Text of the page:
Customer Reviews


4 Reviews
5 star:
 (2)
4 star:
 (1)
3 star:    (0)
2 star:    (0)
1 star:
 (1)
 
 
 
 
 
Average Customer Review
Share your thoughts with other customers
Create your own review
 
 

The most helpful favourable review
The most helpful critical review


23 of 25 people found the following review helpful
4.0 out of 5 stars Excellent, up-to-date and easy to use
At last, a modern, handy and user-friendly guide to Latin prose comp. True, "Writing Latin" is not quite as exhaustive as trusty old Bradley's Arnold, but it is much easier to use. The grammar explanations are clear, concise and easy to understand (contrast with the recent book "Introduction to Latin Prose Composition" by Milena Minkova, where the English is difficult and...
Published on 14 Sep 2007 by Marcus Horatius

versus
30 of 35 people found the following review helpful
1.0 out of 5 stars Better off with Colebourn
I approached this book with high hopes and used it to teach Latin prose composition with my AS beginners this year. Sad to say, that is the last time I shall use it; after almost finishing the book, both the students and I rushed with some relief back into the arms of Colebourn.

The subtitle promises to introduce 'writing in the language of Cicero and Caesar',...
Published on 22 Dec 2008 by Jeffrey Shaw


Most Helpful First | Newest First

23 of 25 people found the following review helpful
4.0 out of 5 stars Excellent, up-to-date and easy to use, 14 Sep 2007
This review is from: Writing Latin (Paperback)
At last, a modern, handy and user-friendly guide to Latin prose comp. True, "Writing Latin" is not quite as exhaustive as trusty old Bradley's Arnold, but it is much easier to use. The grammar explanations are clear, concise and easy to understand (contrast with the recent book "Introduction to Latin Prose Composition" by Milena Minkova, where the English is difficult and full of academic/grammatical jargon terms).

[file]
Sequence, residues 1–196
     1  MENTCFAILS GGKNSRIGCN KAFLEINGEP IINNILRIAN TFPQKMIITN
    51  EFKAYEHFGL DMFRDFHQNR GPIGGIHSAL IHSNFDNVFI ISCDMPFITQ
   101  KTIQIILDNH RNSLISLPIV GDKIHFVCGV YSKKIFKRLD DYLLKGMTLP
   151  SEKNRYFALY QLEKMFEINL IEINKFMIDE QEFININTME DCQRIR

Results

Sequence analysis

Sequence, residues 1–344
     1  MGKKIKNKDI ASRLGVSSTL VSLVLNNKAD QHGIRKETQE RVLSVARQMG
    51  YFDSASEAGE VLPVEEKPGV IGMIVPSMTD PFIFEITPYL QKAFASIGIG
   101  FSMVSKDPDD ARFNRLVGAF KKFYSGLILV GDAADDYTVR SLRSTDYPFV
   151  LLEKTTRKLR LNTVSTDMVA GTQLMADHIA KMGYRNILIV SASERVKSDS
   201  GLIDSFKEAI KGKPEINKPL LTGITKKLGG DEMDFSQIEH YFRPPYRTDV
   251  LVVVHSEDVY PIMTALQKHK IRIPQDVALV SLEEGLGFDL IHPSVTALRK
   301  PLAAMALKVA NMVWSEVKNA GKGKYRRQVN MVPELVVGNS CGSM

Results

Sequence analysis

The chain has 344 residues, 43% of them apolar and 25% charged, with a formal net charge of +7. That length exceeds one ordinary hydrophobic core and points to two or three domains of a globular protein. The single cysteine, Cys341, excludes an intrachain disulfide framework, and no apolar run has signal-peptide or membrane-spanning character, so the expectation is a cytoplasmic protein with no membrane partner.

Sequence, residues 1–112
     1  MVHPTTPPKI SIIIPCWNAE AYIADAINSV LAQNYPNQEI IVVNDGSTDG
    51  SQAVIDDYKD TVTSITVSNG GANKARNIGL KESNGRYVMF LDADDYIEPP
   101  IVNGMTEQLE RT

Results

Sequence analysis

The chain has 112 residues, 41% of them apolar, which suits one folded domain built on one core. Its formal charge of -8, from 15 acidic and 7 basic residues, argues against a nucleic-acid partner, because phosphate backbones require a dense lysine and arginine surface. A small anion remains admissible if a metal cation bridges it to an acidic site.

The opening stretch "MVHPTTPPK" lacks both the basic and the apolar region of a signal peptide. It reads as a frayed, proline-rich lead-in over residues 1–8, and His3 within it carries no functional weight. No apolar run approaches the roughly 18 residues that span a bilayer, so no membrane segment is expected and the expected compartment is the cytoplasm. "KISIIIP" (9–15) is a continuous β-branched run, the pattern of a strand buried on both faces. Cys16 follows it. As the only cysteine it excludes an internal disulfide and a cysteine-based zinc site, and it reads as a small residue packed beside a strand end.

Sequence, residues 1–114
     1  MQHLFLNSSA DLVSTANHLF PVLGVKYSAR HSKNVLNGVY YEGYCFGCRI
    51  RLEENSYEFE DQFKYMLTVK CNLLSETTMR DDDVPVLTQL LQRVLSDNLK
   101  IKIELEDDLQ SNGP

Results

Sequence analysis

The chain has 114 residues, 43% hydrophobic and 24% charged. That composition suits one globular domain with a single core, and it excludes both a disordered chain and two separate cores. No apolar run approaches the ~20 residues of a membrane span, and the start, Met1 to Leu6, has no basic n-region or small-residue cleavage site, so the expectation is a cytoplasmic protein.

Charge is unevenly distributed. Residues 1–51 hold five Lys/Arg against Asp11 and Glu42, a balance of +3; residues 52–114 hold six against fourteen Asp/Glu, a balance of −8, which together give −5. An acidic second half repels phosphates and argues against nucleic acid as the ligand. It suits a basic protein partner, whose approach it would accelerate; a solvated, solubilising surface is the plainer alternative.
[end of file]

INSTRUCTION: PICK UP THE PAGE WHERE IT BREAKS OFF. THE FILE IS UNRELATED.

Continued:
The exercises are interesting and apposite, too: short graded sentences at the end of each chapter divided into A, B and C sections -- the latter for revision only once you've covered all the topics. There are longer paragraphs for practice every few chapters as well, and passages from Cicero, Livy, Tacitus et al at the end with notes explaining how and why they write as they do.

Refreshing, too, that the authors have a sense of humour: you won't find sentences like "After we had left the philosopher, we went to the brothel", or "She was the kind of girl who liked older men" in Bradley's Arnold or North & Hillard!

Although I haven't looked at them yet, the authors have provided answers to all the exercises which are available online for download.
Help other customers find the most helpful reviews 
Was this review helpful to you? Yes No


30 of 35 people found the following review helpful
1.0 out of 5 stars Better off with Colebourn, 22 Dec 2008
By 
Jeffrey Shaw - See all my reviews
(REAL NAME)   
This review is from: Writing Latin (Paperback)
I approached this book with high hopes and used it to teach Latin prose composition with my AS beginners this year. Sad to say, that is the last time I shall use it; after almost finishing the book, both the students and I rushed with some relief back into the arms of Colebourn.